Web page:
Feeds:
Posts
Comments

Posts Tagged ‘Milwaukee Railroad’

Originally published in the MVHS The Bugle, January 1995

Can you guess where and when this picture was taken?

This photograph was taken in the early 1940s by Chester Gibbon. He drove in from the Maple Valley highway on the Pipeline Road and went to the edge of the hill a little west of the point where Highway 18 now drops down into the valley.

In the foreground is Bain Road, and the Vickery and Perry homes and outbuildings. The PC [Pacific Coast] and Milwaukee trestles are at right. In the center of the picture can be seen the old grade school and the gym.

In the middle at left is the false front of the Maple Valley Tavern. An old building that served as the post office and residence of Postmistress Miriam Mahaffey is just below the school.

Advertisements

Read Full Post »

Originally published in The Seattle Star, April 14, 1908

One is found with bullet hole through his leg

Both confess participation in the shooting that led to the death of Kent marshal—Star staff correspondent with the posse when the men were captured—Prisoners give description of fourth man, who escaped

By G. Stuart Costello
Special Staff Correspondent

G. Stuart Costello, a member of The Star’s local staff, was the only newspaper correspondent actually with Deputy Sheriff Starwich’s posse during the hard tramp over the mountains on the trail of the murderer of Marshal Frank Miller. Other correspondents were some distance in the rear. This information does not come to The Star from Mr. Costello, who is a modest young gentleman, but comes from Deputy Sheriffs Joe Hill and Chet Belding, who reached Seattle this morning.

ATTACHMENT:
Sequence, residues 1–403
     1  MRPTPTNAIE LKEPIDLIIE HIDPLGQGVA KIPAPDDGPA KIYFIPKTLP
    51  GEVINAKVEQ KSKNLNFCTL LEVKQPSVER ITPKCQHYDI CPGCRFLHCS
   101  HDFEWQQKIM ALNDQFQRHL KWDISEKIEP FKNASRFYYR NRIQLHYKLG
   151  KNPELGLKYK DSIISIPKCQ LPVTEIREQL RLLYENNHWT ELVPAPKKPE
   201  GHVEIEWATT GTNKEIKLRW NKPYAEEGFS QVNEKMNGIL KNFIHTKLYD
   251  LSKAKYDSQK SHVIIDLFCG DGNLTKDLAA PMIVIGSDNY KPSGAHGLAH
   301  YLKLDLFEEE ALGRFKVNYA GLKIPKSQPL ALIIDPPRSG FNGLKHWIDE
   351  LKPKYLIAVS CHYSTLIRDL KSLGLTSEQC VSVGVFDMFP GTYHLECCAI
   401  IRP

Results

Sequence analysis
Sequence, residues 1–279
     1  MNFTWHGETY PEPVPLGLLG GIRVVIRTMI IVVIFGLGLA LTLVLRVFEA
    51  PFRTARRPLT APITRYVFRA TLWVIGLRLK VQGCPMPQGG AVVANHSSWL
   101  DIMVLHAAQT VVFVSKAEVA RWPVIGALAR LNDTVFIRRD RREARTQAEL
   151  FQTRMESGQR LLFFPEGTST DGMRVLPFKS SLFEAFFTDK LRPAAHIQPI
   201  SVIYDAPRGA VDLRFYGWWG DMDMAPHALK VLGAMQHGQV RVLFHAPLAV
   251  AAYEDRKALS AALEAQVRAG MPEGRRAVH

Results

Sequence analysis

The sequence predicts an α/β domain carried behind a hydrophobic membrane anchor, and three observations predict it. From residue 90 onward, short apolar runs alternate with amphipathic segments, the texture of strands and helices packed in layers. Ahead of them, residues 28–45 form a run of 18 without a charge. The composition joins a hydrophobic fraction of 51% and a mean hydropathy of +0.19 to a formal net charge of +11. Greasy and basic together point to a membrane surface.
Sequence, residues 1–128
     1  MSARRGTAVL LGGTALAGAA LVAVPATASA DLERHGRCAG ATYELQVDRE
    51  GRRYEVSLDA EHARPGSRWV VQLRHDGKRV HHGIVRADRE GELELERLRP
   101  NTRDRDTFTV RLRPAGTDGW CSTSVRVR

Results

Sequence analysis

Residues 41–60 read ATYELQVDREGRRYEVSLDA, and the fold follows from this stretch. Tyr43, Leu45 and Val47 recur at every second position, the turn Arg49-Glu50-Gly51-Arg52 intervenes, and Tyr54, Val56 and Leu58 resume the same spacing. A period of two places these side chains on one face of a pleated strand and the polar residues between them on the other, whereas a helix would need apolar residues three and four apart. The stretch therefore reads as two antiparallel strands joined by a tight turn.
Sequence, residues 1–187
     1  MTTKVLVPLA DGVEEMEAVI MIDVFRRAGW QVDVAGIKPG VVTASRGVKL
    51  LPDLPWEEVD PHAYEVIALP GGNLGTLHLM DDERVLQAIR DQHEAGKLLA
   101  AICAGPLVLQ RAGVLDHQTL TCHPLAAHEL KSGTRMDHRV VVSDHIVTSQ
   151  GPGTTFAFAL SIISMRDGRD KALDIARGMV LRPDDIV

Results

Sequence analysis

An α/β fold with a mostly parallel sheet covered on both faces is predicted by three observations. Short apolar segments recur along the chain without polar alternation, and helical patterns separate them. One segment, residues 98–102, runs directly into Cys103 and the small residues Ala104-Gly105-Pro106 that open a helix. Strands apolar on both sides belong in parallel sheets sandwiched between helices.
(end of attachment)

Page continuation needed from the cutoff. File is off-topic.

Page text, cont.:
MARTIN, Wash., April 14—After a dramatic chase extending over 20 miles, over the crest of the Cascade mountains through Snoqualmie Pass, the posse headed by Deputy Sheriffs Matt Starwich and John Liner yesterday captured Yoven S. Borsvich, aged 23, and Nick Pettrich, aged 28, the remaining members of the gang, which on last Thursday night, shot and fatally wounded Marshal Frank Miller at Kent, and later wounded Deputy Sheriff Jack Storey in the Snoqualmie Valley.

Pettrich has a bullet hole through the lower part of his left leg and will either lose his leg or his life from blood poisoning. The man spent two days and nights barefooted in the snow of the mountains, and the wound is suppurating badly.